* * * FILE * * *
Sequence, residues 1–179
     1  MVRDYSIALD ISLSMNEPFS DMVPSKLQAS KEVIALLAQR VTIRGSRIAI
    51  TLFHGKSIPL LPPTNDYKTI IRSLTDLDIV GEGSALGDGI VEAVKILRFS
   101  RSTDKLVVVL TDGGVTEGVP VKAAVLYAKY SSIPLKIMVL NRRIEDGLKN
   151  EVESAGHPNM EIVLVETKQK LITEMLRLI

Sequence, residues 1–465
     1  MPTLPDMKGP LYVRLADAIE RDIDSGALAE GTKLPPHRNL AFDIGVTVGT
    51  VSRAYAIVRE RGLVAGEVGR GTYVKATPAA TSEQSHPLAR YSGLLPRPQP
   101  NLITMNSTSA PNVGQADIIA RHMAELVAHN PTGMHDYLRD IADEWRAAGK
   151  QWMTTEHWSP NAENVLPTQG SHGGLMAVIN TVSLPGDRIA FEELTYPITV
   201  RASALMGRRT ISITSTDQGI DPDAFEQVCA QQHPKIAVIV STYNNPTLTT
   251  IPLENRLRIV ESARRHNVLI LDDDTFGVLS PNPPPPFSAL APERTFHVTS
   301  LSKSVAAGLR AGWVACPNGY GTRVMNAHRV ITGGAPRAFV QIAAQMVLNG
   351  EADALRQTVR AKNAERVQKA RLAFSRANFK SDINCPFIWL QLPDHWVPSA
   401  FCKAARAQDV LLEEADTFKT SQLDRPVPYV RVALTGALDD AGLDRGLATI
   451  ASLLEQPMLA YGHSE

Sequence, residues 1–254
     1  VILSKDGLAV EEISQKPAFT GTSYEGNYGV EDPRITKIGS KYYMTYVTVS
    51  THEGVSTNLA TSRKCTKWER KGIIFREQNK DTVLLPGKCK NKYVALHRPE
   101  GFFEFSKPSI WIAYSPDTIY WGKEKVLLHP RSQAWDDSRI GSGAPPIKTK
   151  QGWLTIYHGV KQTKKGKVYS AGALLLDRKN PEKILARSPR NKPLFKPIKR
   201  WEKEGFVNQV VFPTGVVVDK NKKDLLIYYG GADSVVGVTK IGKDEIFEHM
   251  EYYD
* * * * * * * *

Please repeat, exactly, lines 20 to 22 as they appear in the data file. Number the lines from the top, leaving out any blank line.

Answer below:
   101  GFFEFSKPSI WIAYSPDTIY WGKEKVLLHP RSQAWDDSRI GSGAPPIKTK
   151  QGWLTIYHGV KQTKKGKVYS AGALLLDRKN PEKILARSPR NKPLFKPIKR
   201  WEKEGFVNQV VFPTGVVVDK NKKDLLIYYG GADSVVGVTK IGKDEIFEHM